Chile’s oldest ski resort, Portillo, has a magic to it that is quite hard to explain.
Is it the old world service? The stunning scenery? The fact that there are only ever about 400 people on the mountain? The food? The sensation of being on a large, yellow, snow-bound cruise ship?
But really, who cares? After 60 years, Portillo is still going strong and it does offer guests something wonderful. A majority of the people in the hotel at any one time will have been there before – it’s that sort of place.
The general reaction, on arrival, of people used to European or North American resorts is that Portillo is going to be too small.
The actual slope infrastructure at Portillo is relatively small, 12 lifts serving 23 slopes. Of these 10% are for beginners, 70% for intermediate/advanced and 20% for experts. Though there is some serious off-piste to add to this.
The only people on the slopes are the hotel guests so there is never a queue on any lift.
There is nothing to stop you returning again and again to the same slope to improve your technique, choose different descents or just enjoy skiing in the high Andes.
The three sling shot lifts are as thrilling on the way up as the skiing on the way down and one of them services the straight kilometer where the world downhill speed record was once set.
Portillo also has excellent teaching staff on hand – mainly from North American resorts.
Slopes and lifts
Beautifully located in a high Andean valley set around the Laguna del Inca reflecting peaks of up to 4,800m. One exclusive hotel for 450 guests.
Slopes: 23 slopes for all skill levels
Lifts: 12 ski lifts
Max altitude: 3,350m
Snow: Dry powder (snow makers available)
Season: June – September/October
Services: Ski classes, ski rental, heli-ski, outdoor hot pool, internet café and bar.
There is just the one hotel – the bright yellow thing plonked onto the hillside.
The hotel can take up to 450 guests. Most of these stay in the main hotel which is officially a four star but you must bear in mind that the hotel dates back to the 1940s so rooms are small by modern standards and windows fairly small.
In contrast, the communal areas are very grand with wonderful large windows looking out over the Valle del Inca.
Other accommodation options are the Octagon Lodge and the Inca Lodge, just behind the main hotel.
The Octagon Lodge is made up of rooms with two sturdy and large bunk beds with private bathroom. Staying here gives you access to all the hotel facilities – up to and including meals in the main dining room. This is a great option for groups of friends or families.
The Inca Lodge is much cheaper but it should be. Cramped dorm rooms, shared bathrooms and you have to eat in the canteen downstairs which serves mediocre food. Not recommended unless you have to.
You do need a degree of patience at Portillo, particularly when you first arrive.
Most of the hotel?s guests leave/arrive on Saturday. In fact midday is almost exactly the time at which new guests arrive from international flights. Just in time to meet the entire hotel checking out.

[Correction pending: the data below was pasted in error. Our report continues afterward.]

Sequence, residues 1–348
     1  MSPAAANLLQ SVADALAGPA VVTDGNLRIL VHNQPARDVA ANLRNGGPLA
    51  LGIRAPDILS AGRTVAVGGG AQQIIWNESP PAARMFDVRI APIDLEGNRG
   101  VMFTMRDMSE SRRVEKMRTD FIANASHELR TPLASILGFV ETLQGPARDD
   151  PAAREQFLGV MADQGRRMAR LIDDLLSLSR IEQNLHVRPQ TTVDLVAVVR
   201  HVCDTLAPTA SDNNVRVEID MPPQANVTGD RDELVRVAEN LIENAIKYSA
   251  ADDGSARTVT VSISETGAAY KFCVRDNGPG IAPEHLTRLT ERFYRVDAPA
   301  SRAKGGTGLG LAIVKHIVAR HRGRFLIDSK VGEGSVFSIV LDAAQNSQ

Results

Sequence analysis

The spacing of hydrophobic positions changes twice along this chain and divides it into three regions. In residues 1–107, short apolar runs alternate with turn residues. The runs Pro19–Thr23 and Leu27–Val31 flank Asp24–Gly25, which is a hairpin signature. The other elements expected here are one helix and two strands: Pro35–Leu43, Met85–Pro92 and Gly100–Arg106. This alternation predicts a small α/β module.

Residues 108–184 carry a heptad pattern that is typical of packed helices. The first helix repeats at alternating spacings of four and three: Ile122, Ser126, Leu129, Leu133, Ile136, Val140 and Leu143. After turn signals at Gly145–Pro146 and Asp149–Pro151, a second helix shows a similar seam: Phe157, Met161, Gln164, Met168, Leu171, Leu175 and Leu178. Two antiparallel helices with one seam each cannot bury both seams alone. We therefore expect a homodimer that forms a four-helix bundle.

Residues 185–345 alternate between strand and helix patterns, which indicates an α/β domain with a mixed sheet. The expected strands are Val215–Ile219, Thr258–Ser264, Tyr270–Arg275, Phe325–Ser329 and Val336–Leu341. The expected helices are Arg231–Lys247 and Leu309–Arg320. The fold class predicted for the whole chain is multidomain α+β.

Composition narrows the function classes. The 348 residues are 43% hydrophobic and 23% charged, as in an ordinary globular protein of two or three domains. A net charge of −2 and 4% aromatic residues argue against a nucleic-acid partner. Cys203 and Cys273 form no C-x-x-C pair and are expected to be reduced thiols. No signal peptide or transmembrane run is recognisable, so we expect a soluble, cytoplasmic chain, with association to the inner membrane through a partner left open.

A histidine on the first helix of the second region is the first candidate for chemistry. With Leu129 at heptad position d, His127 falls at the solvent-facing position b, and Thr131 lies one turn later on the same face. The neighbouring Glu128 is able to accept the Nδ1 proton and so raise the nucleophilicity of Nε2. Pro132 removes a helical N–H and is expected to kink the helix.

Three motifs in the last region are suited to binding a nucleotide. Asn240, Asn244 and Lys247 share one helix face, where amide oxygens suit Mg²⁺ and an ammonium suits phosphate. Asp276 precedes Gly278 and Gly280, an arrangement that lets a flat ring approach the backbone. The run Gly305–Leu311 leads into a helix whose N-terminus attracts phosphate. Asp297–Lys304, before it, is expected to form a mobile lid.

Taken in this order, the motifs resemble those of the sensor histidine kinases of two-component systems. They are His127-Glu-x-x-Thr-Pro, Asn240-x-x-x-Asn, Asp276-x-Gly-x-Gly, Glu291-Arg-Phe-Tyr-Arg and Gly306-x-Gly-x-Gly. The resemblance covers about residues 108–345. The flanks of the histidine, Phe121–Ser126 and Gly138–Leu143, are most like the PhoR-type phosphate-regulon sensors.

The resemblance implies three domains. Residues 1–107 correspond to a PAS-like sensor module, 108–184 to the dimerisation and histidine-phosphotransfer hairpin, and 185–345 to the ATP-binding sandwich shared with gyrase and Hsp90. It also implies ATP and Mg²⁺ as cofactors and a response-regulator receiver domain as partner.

You’ll most likely love the place by day two but on day one it might try your patience. We recommend you pack ski kit near the top of your bag so you can whip it out, get skiing and check in later in the afternoon.
Service and Food
This deserves a special mention at Portillo as it is really a major part of the experience.
On day one your table is allocated at the restaurant you will always eat in the same spot and are served by the same, invariably excellent, waiters.
The restaurant has a spectacular view over the lake and the mountains. Head downstairs to collect your gear and ski out of the hotel for the morning.
Return for coffee and snacks at any time or stay out until lunch. Lunch and dinner are always three courses with various choices.
Remarkably, there is always something you will actually want to eat. Vegetarians are very well catered for.
Return for ?onces? (high tea) if you can manage more food.
Well, there isn’t much else up here except for the hotel so that’s the best place to start.
Apart from the skiing, you can relax by the fire in the living room. There is a cupboard full of games. The internet café has surely the best views of any in the world.
The outdoor heated pool is a perfect place to relax and unwind with a drink at the end of a day on the slopes.
After dinner there is live music in the bar. The energetic then move on to the tiny disco in the basement.
It is possibly rather less sophisticated than they like to portray in their marketing materials but it is a great deal of fun.
There is also a tiny bar in the ?village? where most of the staff go.
Portillo is a two or three hour smooth road transfer up from Santiago, a bit less from the airport.
Since Portillo is on the main road from the Chilean capital across the Andes to Argentina, when it does snow heavily, they clear the road quickly. Usually.
We therefore recommend that you pack all you need near the top of your bags, this way you can leave your check in until later in the day.